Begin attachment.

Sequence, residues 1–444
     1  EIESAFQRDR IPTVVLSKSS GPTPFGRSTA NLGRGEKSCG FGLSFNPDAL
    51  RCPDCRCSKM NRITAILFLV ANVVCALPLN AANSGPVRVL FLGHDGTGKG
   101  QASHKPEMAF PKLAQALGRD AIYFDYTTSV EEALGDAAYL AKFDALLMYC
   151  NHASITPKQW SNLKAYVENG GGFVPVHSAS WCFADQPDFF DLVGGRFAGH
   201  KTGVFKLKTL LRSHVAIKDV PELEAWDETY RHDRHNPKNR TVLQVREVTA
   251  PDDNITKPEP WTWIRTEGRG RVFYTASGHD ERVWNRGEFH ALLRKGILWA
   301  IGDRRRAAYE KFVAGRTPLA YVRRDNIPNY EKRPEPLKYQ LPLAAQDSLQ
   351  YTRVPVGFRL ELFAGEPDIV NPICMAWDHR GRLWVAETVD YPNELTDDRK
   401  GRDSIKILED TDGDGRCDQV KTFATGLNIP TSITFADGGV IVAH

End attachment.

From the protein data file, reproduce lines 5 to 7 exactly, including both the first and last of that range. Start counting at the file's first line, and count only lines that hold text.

   151  NHASITPKQW SNLKAYVENG GGFVPVHSAS WCFADQPDFF DLVGGRFAGH
   201  KTGVFKLKTL LRSHVAIKDV PELEAWDETY RHDRHNPKNR TVLQVREVTA
   251  PDDNITKPEP WTWIRTEGRG RVFYTASGHD ERVWNRGEFH ALLRKGILWA